This Participatory, Reflection, and Action (PRA) project on occupational health services offered an opportunity for IHRG and a group of unionised health workers to use innovative learning and research methodologies as a means to investigate and intervene in their experiences of workplace injury and illness. Following IHRG’s participation in a regional training workshop hosted by EQUINET with TARSC and Ifakara, IHRG used selected PRA tools in a participatory action research programme. The project consisted of three workshops, workplace-based investigations, and the dissemination of networking resources among the participants. The combination of workplace-based case investigations and the process of critically reflecting on these interventions provided a very powerful action-learning experience. Processes of change were evident even in this short term project. Participants’ workplace investigations uncovered real cases of workplace injury and illness that have been buried under a culture of ignorance, neglect, silence, and denial of workers’ health and safety rights.

A PRA project report: Strengthening communication between people living with HIV and clinic health workers in Kaisipul Division, Kenya
Ongala J

Participatory approaches were used to facilitate a programme of work aimed at: improving communication and understanding between HIV positive clients and the HIV clinic personnel in HIV clinics; raising HIV positive clients’ voices and participation in improving the HIV clinic services in the division; and promoting networking to overcome isolation, increasing exchange and co-operation through conducting. Participatory approaches, while challenging and time intensive, were perceived by health workers, clients and the facilitators to be a powerful means to enhancing communication, overcoming power imbalances that are barriers to good health or effective use of services and to encouraging the sustainable, “bottom up” community involvement on health visioned in Kenya health policy documents. Real changes were made to make the services more client-friendly, including installed suggestion box, re-streamlined queuing and filling system, taking of vital signs, interpreter involvement, and ordering of bulk drug supply, while clients formed a network that would sustain the communication and reduce social isolation of PLWHIV.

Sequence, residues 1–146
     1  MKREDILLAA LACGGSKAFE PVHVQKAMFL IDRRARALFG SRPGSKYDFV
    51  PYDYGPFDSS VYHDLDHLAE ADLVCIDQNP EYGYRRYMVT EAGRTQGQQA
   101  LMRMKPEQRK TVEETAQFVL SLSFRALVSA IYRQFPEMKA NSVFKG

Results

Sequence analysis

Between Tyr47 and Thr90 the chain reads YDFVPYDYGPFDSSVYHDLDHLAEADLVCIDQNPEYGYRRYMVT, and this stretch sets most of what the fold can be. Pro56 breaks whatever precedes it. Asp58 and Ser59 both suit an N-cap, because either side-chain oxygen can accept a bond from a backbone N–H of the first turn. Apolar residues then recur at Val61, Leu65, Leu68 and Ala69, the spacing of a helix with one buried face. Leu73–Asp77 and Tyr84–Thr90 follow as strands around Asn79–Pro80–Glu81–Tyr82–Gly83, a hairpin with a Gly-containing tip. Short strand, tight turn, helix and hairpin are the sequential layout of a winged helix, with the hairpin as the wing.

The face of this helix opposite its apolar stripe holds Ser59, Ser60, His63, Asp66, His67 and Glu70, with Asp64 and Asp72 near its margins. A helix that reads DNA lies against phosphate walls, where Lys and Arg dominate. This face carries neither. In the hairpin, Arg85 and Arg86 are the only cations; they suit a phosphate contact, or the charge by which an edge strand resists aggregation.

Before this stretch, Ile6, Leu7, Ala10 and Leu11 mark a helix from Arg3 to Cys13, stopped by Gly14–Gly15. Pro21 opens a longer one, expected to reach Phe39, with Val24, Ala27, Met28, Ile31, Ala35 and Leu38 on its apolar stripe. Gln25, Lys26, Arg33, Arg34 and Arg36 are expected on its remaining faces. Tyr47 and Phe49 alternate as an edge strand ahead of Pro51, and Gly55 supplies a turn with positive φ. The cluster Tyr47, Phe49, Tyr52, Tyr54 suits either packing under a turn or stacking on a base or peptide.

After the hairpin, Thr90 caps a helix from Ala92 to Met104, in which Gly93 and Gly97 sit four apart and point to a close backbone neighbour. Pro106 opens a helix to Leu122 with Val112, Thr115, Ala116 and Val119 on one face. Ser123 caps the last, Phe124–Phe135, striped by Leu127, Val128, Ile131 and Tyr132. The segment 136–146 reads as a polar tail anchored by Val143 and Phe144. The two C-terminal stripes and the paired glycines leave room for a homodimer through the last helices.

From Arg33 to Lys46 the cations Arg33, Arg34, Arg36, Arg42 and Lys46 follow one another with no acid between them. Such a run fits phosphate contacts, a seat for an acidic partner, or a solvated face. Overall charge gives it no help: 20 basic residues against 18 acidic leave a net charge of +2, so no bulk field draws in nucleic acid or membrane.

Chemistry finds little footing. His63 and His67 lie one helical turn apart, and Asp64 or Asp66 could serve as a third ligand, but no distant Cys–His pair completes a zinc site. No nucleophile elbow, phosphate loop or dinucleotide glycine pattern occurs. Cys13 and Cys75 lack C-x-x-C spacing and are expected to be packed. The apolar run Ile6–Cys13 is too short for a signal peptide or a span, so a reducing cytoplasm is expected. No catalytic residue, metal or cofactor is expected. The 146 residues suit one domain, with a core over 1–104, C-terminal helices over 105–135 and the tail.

A PRA project report: Strengthening communication between people living with HIV and clinic health workers in Kaisipul Division, Kenya
Ongala J

We used participatory approaches to facilitate a programme of work aimed at: * Improving communication and understanding between HIV positive clients and the HIV clinic personnel in HIV clinics; Raising HIV positive clients’ voices and participation in improving the HIV clinic services in the division; Promoting networking to overcome isolation, increasing exchange and co-operation through conducting; Participatory approaches, while challenging and time intensive, were perceived by health workers, clients and the facilitators to be a powerful means to enhancing communication, overcoming power imbalances that are barriers to good health or effective use of services and to encouraging the sustainable, “bottom up” community involvement on health visioned in Kenya health policy documents. Real changes were made to make the services more client-friendly, including installed suggestion box, re-streamlined queuing and filling system, taking of vital signs, interpreter involvement, and ordering of bulk drug supply, while clients formed a network that would sustain the communication and reduce social isolation of PLWHIV.

A PRA research report: Creating nurse student awareness on community knowledge on health in “Ontevrede” (unsatisfied) informal settlement, Namibia
University of Namibia, Ontevrede Community

The nursing curriculum of the University of Namibia is based on Primary health care approach. However nursing students do not have the skills for a participatory approach to communities and perceive that communities do not know or need to be consulted on their health needs. Communication breakdown between communities and nurses is not in the interest of either. This study aimed to create awareness among the student nurses to help them view the communities as partners in health, and at the same time to empower the communities to be more responsible for own health.